I’m really unsure if anyone will give a shit about this, but I have to share or I will explode. So rather than burst into a million pieces of flesh, bone, and guts, I will instead talk about my feelings and experience, and hopefully that will keep me somewhat peaceful; and perhaps this story will entertain as my stories—regardless of intent—often do.
If you’ve known me over the past few years, you will most likely recall that for a time I had decidedly quit playing the saxophone. I sold all of my instruments and vowed never to play again. With my girlfriend, Sydney, I formed a project called “The Pizza Bats”, which was a departure from the saxophone and all that jazz.
It was refreshing to do nothing but sing and play guitar, which is sincerely what I always wanted to do. There’s a lot packed into why I couldn’t allow myself to pursue this dream before, but I won’t go into it now (although I am working on writing what may ultimately be a book about my discovery of all the many wondrous traumas I’ve sustained as I grow older, wiser, and sober).
If you know me at all today, you have probably realized that I am playing the saxophone again. And, since October of 2016, I’ve been pursuing saxophone playing as a street performer and making some kind of money doing it. By November of 2017, I had started playing on train cars, and I have a made a decent living doing it since.
Refining my style and my repertoire to suit a public audience of all ages, nationalities, social statuses, religions, and so on, I have now reached a point where I can make—even in the supposedly dry month of January—about $40 in an hour. During the Christmas season, that number is closer to $60, with the most I’ve made in an hour being $90.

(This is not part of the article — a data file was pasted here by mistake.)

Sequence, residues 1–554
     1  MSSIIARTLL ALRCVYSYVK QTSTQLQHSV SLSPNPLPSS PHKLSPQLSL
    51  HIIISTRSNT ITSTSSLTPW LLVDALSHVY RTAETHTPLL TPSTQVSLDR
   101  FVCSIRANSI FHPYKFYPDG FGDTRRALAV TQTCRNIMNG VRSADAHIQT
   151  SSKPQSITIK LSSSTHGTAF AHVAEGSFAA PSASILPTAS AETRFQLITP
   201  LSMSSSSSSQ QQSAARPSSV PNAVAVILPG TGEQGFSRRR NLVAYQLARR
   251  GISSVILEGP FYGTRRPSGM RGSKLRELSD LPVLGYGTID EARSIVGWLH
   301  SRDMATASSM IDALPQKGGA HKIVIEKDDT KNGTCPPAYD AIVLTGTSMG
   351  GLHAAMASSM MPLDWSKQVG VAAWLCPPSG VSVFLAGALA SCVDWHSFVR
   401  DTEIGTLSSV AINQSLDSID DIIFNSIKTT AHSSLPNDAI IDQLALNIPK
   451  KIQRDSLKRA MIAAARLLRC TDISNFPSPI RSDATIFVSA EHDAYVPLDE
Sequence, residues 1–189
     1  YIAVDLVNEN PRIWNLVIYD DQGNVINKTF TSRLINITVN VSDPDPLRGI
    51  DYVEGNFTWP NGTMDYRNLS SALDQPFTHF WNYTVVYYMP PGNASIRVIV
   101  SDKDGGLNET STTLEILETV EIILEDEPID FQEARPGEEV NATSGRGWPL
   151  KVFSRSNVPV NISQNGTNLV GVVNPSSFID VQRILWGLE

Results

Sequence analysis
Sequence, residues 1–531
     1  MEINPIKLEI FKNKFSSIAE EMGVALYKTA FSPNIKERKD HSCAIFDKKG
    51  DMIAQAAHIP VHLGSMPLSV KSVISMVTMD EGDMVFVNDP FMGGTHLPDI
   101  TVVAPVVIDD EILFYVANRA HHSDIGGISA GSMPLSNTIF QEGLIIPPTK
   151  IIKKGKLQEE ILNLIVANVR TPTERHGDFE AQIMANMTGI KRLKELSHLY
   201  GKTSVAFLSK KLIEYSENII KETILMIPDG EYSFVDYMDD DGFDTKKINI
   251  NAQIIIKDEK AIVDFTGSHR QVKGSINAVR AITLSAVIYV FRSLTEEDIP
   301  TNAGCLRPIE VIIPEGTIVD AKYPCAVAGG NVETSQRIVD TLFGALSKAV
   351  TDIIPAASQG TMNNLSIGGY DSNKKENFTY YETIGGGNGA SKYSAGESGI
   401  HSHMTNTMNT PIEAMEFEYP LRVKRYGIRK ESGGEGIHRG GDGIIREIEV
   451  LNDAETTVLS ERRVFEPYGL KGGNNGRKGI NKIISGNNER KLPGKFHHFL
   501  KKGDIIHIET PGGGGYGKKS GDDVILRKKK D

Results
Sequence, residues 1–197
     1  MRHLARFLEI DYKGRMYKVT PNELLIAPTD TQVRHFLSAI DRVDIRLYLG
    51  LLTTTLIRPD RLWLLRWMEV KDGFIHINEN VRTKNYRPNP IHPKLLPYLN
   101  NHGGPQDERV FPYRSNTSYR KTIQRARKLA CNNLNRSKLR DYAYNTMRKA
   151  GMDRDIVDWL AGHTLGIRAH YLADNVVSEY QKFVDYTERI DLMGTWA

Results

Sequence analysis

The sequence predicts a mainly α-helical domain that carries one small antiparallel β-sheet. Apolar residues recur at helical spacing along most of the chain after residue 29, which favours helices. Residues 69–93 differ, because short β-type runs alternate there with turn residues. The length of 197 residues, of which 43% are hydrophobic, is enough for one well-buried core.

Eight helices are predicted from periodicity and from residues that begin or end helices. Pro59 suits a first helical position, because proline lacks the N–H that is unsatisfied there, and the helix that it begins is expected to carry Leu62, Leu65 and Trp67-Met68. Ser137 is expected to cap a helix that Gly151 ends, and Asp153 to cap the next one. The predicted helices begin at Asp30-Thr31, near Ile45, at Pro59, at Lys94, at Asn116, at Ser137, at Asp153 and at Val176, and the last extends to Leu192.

Problematically, the traumas that I have associated with playing the saxophone for a living are deeper and more complex than I ever realized. And, now that playing saxophone is something that I have to do (rather than choose to do) to afford the costs of living, I am starting to feel just as I did when I quit playing the first time.
I have within me an unshakeable calling to become my songwriting self. I feel that this is what I’m supposed to be doing on this planet, and the more success that I find as a saxophone player, the sadder and more tortured I become internally. For this reason, it has been very hard for me spiritually to want to play professionally and to fully realize and/or promote a lot of my instrumental jazz projects.
Being dependent on the saxophone, I’m in quite a bind right now. But, I’m searching for some kind of salaried, creative position in the corporate world to pay for my cost of living, with the ultimate goal of being freed financially from having to play the saxophone. I am following the hunch that a good-paying job doing something creative—that isn’t necessarily music—will allow me some peace, as well as financing to professionally record and produce the songs that I have written (and am currently writing).
Sidenote: I think I would also really enjoy not living in a partitioned-off section of an old lady's living room in Queens.
I have well-attached my given name to being a jazz saxophone player, and therefore I’ve chosen to create a separate identity for my songwriting pursuits. That identity’s name is Pretty Mutant, and if you want to follow my progress as a songwriter/indie producer, I have created social media accounts across all platforms. So I invite you to follow me now @pmutantmusic to keep up with my songwriting pursuits, and I will be using that moniker for pretty much everything that isn’t saxophone.
In the meantime, I’ll still be playing on the subway cars as long as I have to to make a living, but know that ultimately I feel that this is not what I have been put on this Earth to do, and, despite my high degree of skill at playing the saxophone, it may be phased out entirely at some point in the future; I don't know.
That’s all for now, folks. Stay tuned.